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Virtual conferencing shows fashion industry's human side

By Jackie Mallon


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As discussion escalates on how the work-from-home model will continue as society reopens and businesses invite staff back onto work premises, the fashion industry is grappling with the limitations associated with virtual connection.

The process of creating a collection orbits around tactility. From sketch review to draping, fabric selection to fittings, putting on shows to selling, each step has traditionally involved crews of impassioned fanatics working in close proximity, touching everything in sight. Long hours and last minute decision-making can lead to heated discussions, arguments, hugs, and life-long friendships.

Fashion is a business with all the feels: It has the capacity to appeal to each of our senses. Its shows and campaigns spark our emotions while the physicality of garments on skin is visceral. How a fabric sounds, the way it produces a whoosh or a crinkle, how it performs on the body, if it skims or clings, can provide comfort, stir up nostalgia, help us define our sense of self. So much of our craft depends on the human hand, the masterful pattern cutting, painstaking beading, traditional weaving, skills that are often described as being “handed” down through generations.

Digital tools offer fashion an unexpected touch of humanity

COVID-19 has given brands and insiders license to deliver content with low level production values that would have been unacceptable mere months ago. Zoom conferences featuring fashion’s opinion setters and tastemakers possess a DIY spontaneity that’s almost anarchic. In an unprecedented glimpse behind the curtain we can be evaluating prominent journalist Alexander Fury’s arsenic green velvet couch one minute, and then marveling at how Anna Wintour’s rather pedestrian seafoam and ecru striped curtains, drawn closed, are at odds with her dark glasses.

And things are going wrong left and right during these ad-hoc broadcasts. There’s Cara Delevingne struggling with technology as she Zooms with the president of Greenpeace on Instagram, while sage chronicler Tim Blanks loses his train of thought because his interviewer interrupts him with her need to recharge her phone. Grand dame of US fashion, Diane Von Furstenberg, is all of us when she fluffs her hair each time she catches sight of herself in the camera. Fashion’s great and good reflect the anxieties of all of us as we stoically brace for what's next in this great WFH adventure.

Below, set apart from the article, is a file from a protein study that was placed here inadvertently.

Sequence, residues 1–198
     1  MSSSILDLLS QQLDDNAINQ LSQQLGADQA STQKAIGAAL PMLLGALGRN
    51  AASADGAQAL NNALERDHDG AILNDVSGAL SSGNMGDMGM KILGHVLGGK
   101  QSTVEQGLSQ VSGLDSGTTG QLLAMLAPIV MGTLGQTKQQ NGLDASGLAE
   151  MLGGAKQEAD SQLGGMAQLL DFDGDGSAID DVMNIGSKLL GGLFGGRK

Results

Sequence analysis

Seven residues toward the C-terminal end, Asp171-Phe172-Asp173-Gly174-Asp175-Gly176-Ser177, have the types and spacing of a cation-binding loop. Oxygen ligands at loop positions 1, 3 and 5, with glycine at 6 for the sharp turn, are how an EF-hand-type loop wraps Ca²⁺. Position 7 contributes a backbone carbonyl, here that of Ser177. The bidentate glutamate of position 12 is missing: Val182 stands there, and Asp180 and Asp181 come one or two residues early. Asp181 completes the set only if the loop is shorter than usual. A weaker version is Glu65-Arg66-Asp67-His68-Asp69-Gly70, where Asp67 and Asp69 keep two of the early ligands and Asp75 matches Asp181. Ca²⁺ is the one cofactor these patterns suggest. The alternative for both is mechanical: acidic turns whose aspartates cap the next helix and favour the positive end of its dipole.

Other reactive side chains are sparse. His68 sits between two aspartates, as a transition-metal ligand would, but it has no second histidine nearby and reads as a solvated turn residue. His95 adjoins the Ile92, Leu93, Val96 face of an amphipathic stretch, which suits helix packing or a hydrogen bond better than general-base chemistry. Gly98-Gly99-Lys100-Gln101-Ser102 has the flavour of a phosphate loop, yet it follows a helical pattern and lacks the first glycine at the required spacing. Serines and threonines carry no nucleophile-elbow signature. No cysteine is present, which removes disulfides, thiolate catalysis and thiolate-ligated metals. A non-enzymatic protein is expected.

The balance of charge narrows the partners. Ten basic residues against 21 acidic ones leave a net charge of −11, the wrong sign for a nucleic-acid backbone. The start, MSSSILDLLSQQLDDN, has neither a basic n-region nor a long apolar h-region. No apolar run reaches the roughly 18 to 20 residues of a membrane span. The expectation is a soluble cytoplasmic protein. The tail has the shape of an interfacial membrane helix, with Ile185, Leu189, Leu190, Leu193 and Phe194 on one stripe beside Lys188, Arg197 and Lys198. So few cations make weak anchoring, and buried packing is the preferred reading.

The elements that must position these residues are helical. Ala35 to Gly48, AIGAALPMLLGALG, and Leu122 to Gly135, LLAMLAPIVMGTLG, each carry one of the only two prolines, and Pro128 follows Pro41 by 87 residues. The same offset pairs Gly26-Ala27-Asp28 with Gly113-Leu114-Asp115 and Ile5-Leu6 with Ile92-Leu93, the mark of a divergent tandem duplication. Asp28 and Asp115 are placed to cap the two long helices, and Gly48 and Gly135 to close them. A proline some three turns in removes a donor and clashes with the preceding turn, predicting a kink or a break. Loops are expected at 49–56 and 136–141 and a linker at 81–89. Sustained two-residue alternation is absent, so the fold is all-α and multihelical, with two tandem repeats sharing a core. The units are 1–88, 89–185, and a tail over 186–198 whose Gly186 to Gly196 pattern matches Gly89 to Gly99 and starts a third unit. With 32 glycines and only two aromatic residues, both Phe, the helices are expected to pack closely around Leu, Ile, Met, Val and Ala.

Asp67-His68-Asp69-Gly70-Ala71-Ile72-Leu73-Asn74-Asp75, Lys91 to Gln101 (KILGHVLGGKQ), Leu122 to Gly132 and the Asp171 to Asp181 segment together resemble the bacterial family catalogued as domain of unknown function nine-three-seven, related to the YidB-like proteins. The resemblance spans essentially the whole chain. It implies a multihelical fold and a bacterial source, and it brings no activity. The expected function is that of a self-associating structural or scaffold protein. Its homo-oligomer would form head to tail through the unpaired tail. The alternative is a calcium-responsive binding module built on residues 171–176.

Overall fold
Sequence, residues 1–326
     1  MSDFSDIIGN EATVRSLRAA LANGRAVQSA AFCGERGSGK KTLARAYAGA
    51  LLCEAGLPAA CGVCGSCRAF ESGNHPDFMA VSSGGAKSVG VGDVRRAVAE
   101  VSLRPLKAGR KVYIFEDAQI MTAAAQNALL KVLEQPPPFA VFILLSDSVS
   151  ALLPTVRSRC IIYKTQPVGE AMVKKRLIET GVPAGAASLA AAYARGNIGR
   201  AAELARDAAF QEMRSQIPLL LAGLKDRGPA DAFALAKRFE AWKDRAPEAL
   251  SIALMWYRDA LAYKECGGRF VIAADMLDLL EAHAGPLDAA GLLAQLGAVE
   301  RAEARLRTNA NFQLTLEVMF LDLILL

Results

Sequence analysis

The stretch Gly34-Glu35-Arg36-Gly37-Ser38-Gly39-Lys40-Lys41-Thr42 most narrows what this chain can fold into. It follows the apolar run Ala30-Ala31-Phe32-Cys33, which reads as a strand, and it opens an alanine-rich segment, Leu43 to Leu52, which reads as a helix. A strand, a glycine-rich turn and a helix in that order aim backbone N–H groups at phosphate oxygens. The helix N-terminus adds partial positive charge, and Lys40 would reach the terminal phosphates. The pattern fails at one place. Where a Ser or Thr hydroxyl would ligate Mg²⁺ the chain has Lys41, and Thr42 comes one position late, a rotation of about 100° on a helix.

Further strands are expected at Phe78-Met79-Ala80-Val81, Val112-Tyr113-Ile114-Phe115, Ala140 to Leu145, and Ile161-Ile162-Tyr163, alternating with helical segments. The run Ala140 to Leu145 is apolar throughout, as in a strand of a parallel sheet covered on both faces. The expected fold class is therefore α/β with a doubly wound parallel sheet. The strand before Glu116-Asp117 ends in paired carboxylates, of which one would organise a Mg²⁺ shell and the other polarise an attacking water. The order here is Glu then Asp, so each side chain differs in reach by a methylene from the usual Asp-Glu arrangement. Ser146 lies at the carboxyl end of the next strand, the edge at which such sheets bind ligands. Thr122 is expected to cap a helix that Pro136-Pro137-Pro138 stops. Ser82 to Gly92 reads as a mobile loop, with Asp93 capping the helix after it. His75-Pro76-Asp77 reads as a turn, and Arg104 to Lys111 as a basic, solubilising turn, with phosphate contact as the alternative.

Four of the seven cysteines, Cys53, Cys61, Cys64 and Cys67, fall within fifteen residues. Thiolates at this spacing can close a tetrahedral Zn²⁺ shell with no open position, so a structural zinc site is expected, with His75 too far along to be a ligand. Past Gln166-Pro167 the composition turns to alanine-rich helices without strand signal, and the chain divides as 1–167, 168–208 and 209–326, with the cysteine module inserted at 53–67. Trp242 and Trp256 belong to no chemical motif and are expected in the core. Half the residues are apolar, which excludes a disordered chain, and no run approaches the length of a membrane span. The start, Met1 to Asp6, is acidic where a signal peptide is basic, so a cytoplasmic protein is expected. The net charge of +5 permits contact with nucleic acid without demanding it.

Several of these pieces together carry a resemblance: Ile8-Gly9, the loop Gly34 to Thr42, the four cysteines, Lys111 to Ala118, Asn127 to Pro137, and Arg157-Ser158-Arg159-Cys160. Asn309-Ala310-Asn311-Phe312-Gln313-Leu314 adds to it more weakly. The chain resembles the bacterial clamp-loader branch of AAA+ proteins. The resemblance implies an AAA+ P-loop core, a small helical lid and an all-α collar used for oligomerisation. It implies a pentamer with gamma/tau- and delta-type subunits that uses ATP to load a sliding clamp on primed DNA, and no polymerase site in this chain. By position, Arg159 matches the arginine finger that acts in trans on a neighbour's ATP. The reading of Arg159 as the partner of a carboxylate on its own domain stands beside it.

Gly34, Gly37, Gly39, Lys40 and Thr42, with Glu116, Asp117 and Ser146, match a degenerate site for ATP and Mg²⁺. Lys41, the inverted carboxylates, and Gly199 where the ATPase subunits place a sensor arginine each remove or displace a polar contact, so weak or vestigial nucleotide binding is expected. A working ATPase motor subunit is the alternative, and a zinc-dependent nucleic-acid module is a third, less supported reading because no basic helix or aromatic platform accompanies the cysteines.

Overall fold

John Galliano in conversation with Anna Wintour last week showed he’s game and humbled by the new frontier: ”I’m coming to terms with technology. It’s all very new to me.” Describing how he’s managing the creation of his next collection, he sees himself as a conductor whose musicians are located all over the world. “My cellist is on the terrace,” he joked, “my piano player’s in the garage.”

He dismissed the idea of staging a fashion show in favor of offering a glimpse into the process of creating a collection which would not only be an opportunity for storytelling but a way of communicating the values of Maison Margiela. Crisis brings opportunity for those willing to grab it.

More accessible than ever before, fashion’s global glitterati are sharing behind-the-scenes secrets of their shelter-in-place creativity and with the veneer removed, the connection is deeper. LVMH prize-winning French designer Marine Serre, during a Vogue Global Conversations panel which also featured British womenswear designer of the year, Simone Rocha, offered this perspective on her inability to be with her team: “You cannot touch each other so you have to care a lot about the words you use. That’s something quite beautiful. We can be more close to each other and close to ourselves.”

As we work with what we’ve got, localized, organic, messy, a sincerity has returned to fashion that had been lost to the high-profile expensive speaking events, the super edited press releases, the arena-scale theatricality of the shows. It’s a good sign for a future which we have all acknowledged must involve scaling back and offering authentic experiences, but for which no one has quite developed a roadmap yet. So in the meantime let’s just lean into this new intimacy and see where it takes us.

Fashion editor Jackie Mallon is also an educator and author of Silk for the Feed Dogs, a novel set in the international fashion industry.

Photo: Pexels

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